28 June 2021
I watched a “Grand Designs” show on television last night, about a (lunatic) man in London who had bought an old caretakers house in a cemetery, and proceeded to build a ridiculously large mansion out of it. He was constantly questioned about why he would want to live in a cemetery – there were almost more questions about this than why he would spend over 4 million pounds on the project. I had very large issues with the amount of money he was spending on the project, and the final over-the-top product, but had no issues with him being happy to live in a cemetery. It was in London, so having a large park area (albeit one dotted with headstones) at your disposal, quite frankly seemed like a brilliant idea. I don’t find cemeteries spooky – in fact I find them very peaceful places to visit, so having one surrounding my home wouldn’t be an issue for me.
I was interested in the building process, especially when they were digging around the caretakers house. They dug very deep, you see – to factor in his massive underground build that included a massive swimming pool, wine cellar and a few extra bedrooms. But I was wondering whether they would dig up anything else interesting in the process. Not grave sites, but anything else. The cemetery had been there for centuries, so surely they would find something interesting????
There have been a few archeology finds that I’ve read about recently. A chariot in Pompei, a necropolis in Hvar, and so forth. Let’s be honest here, a necropolis is, to all intents and purposes – a cemetery. While a lot of people may get upset about the prospect of digging up a more modern cemetery, digging up an ancient one is a source of excitement for all! What will we find? What can we learn from this person who died centuries ago??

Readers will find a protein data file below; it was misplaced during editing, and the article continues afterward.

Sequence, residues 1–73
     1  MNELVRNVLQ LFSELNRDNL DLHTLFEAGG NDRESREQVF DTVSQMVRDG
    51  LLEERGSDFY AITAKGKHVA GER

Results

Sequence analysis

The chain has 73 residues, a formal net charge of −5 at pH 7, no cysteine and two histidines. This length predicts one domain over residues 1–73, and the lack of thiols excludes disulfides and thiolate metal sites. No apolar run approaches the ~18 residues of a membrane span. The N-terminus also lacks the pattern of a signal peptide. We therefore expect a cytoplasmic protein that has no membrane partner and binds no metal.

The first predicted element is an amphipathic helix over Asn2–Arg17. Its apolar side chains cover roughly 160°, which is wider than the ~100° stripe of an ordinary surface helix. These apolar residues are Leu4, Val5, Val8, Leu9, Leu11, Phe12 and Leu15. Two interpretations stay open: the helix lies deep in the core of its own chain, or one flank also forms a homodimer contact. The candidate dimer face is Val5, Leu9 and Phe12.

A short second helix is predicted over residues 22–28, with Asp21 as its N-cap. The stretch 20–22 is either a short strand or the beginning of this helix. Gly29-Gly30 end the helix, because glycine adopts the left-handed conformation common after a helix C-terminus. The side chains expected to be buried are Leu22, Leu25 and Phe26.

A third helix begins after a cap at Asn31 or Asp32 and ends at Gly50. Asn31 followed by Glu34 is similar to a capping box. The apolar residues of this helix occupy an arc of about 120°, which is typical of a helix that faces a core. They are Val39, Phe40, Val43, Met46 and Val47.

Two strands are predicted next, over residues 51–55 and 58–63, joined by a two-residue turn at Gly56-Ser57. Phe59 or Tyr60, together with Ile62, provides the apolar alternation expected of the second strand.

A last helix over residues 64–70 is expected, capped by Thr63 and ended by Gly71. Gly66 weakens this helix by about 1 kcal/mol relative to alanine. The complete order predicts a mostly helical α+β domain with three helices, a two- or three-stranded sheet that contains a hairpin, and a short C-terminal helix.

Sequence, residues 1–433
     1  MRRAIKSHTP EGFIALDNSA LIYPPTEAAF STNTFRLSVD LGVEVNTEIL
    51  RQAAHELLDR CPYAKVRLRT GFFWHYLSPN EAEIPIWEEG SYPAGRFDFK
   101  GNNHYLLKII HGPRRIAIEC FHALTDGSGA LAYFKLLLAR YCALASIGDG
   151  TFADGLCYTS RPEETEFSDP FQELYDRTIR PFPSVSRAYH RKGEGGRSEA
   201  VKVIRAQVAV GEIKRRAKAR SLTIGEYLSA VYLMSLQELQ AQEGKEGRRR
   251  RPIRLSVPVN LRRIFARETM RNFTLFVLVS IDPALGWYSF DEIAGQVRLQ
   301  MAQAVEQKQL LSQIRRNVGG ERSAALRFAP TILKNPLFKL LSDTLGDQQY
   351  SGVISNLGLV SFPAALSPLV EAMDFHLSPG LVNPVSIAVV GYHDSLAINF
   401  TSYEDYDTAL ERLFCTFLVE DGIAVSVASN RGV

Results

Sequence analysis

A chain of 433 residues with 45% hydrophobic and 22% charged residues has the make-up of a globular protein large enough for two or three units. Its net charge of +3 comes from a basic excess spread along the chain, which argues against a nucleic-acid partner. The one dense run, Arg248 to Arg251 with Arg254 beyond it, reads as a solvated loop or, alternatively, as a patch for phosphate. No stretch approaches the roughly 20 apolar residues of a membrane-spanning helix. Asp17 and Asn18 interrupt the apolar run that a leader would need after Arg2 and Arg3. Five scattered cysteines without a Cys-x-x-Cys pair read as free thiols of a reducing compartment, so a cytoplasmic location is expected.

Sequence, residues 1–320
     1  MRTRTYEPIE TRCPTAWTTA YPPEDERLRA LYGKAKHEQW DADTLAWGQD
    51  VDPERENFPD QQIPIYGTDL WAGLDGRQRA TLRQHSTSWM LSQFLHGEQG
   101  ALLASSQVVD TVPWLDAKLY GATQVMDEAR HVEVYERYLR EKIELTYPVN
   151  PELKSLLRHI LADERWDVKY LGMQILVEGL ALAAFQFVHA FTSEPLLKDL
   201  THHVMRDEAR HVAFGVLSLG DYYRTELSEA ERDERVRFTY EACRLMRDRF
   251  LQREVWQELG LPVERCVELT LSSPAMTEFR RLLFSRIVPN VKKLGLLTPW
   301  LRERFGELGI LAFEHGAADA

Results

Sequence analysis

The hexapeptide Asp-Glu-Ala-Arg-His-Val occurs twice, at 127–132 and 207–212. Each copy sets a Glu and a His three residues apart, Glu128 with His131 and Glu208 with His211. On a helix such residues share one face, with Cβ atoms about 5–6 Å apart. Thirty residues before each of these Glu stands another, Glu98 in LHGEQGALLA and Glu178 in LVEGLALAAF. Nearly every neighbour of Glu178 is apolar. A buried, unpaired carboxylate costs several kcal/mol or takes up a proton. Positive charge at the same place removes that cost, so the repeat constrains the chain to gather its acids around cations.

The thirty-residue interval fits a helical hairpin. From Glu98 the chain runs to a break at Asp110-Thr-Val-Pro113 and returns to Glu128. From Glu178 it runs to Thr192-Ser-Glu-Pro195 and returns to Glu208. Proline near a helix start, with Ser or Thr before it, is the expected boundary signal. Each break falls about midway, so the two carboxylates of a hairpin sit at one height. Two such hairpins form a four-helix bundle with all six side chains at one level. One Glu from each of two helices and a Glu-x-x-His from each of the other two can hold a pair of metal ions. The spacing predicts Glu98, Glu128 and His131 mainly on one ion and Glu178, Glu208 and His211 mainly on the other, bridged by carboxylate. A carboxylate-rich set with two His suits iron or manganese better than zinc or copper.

Ancient people were much more forward thinking than we are. When they buried their loved ones, they gave serious consideration to those in the future who would be digging all this up again. They put stuff in the graves as well as a body!!! Whether they put in oil lamps, glass bottles, pottery, ceramics, coins – a chariot or a boat – they realised that there was more that their loved ones could contribute to humankind after death. Where would we be without this incredible foresight? (Looking at a pile of out of work archeologists, for a start….)
And what do we do nowadays? Mostly, we burn our deceased. Nothing for future archeologists to look at there. And the ones we do bury? They get buried in their best going out clothes, a wooden box, and not much else.
Archeologists in the future are going to be bored. They won’t be able to find treasure troves of everyday items that might give them a hint about how we all lived our lives. They have all been reused, recycled or repurposed. And the stuff that didn’t get R,R or R’d, was probably burnt at a landfill site. And I sincerely doubt that anyone – whether from now or in the future, wants to trawl through the contents of one of our modern rubbish tips.
They won’t need to dig up graves to find out how we lived our lives, of course. They will just have to work out some forensic method of reading the internet. It’s all there. Every pet we ever owned, every car we bought, every holiday we took, every home renovation undertaken. All there. They won’t need to spend weeks and months knee deep in dirt, sifting through fragments of stuff to identify things.
But – just in case, I think we should start a plan to bury a treasure chest with every deceased loved one we inter from now on. Something that will give future archeologists (or someone repurposing a cemetery for a modern day mansion) something to think about. I think we should include: a handful of advertising brochures, an iPhone charging cable, an Ikea instruction manual for a chest of drawers (complete with an allen key, of course!), a coffee pod, a face mask with a funny picture on it, a set of Pokemon cards, a random remote control, and a packet of hair extensions.
What else do you think we should add?